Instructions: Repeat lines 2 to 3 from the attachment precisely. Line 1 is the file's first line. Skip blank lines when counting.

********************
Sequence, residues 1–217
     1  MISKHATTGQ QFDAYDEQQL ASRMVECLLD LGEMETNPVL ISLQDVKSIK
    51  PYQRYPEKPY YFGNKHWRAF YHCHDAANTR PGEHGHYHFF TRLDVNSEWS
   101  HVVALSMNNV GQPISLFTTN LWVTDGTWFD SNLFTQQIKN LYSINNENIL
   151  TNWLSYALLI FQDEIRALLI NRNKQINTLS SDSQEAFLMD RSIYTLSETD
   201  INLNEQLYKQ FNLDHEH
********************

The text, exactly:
     1  MISKHATTGQ QFDAYDEQQL ASRMVECLLD LGEMETNPVL ISLQDVKSIK
    51  PYQRYPEKPY YFGNKHWRAF YHCHDAANTR PGEHGHYHFF TRLDVNSEWS